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Johnson v. Thomas

United States District Court, N.D. Alabama, Western Division

December 11, 2014

SAMUEL JOHNSON, Plaintiff,
v.
WARDEN WILLIE THOMAS, et.al., Defendants

Samuel Johnson, Plaintiff, Pro se, Brent, AL.

MAGISTRATE JUDGE'S REPORT AND RECOMMENDATION

STACI G. CORNELIUS, UNITED STATES MAGISTRATE JUDGE.

Plaintiff, Samuel Johnson, has filed a pro se complaint pursuant to 42 U.S.C. § 1983, alleging that rights, privileges, or immunities afforded him under the Constitution or laws of the United States were abridged during his incarceration at Bibb County Correctional Facility in Brent, Alabama. (Doc. 8). The plaintiff names Alabama Department of Corrections (ADOC) Prison Commissioner Kim Thomas and Warden Willie Thomas as defendants and seeks declaratory and injunctive relief, as well as court costs. (Id. at 6). In accordance with the usual practices of this court and 28 U.S.C. § 636(b)(1), the complaint was referred to the undersigned magistrate judge for a preliminary report and recommendation. See McCarthy v. Bronson, 500 U.S. 136, 111 S.Ct. 1737, 114 L.Ed.2d 194 (1991).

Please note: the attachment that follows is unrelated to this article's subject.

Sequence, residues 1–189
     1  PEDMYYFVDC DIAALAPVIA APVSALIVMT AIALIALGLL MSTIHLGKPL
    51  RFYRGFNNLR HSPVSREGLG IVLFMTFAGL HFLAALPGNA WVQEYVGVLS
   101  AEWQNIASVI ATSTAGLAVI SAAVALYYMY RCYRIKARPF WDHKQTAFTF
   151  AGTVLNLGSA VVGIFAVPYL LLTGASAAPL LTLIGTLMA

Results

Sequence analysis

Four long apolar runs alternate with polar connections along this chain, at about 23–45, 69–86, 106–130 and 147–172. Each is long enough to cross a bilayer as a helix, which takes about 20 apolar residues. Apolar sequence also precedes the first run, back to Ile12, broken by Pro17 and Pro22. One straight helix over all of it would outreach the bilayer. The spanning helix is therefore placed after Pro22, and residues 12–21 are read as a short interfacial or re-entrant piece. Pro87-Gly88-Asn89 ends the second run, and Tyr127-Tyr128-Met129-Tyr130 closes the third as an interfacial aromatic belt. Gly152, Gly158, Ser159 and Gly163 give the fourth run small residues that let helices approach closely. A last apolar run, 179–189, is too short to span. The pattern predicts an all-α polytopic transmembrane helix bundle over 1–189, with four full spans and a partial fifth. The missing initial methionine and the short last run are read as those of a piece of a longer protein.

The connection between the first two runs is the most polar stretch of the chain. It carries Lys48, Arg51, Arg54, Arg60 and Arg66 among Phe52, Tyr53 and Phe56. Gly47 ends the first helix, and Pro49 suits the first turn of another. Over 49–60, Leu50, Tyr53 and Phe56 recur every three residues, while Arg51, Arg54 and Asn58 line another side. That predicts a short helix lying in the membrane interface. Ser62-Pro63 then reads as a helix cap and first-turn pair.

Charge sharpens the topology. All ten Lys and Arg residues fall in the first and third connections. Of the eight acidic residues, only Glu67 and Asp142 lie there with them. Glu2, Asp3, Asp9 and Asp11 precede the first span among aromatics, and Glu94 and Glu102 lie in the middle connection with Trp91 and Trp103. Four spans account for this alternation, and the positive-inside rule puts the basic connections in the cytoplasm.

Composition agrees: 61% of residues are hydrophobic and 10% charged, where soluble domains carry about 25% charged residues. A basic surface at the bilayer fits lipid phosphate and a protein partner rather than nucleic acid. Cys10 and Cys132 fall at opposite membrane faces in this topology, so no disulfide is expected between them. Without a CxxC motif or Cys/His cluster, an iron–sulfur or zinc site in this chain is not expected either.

I. Standard of Review

The Prison Litigation Reform Act of 1995, Pub. L. No. 104-134, § 804, 110 Stat. 1321, 28 U.S.C. § 1915A, requires a court to screen complaints filed by prisoners against officers or employees of governmental entities and to dismiss the complaint or any portion of the complaint it determines is frivolous, malicious, fails to state a claim upon which relief can be granted, or seeks monetary relief from a defendant immune from such relief. Where practicable, a court may sua sponte dismiss a prisoner's complaint prior to service. See 28 U.S.C. § 1915A(a).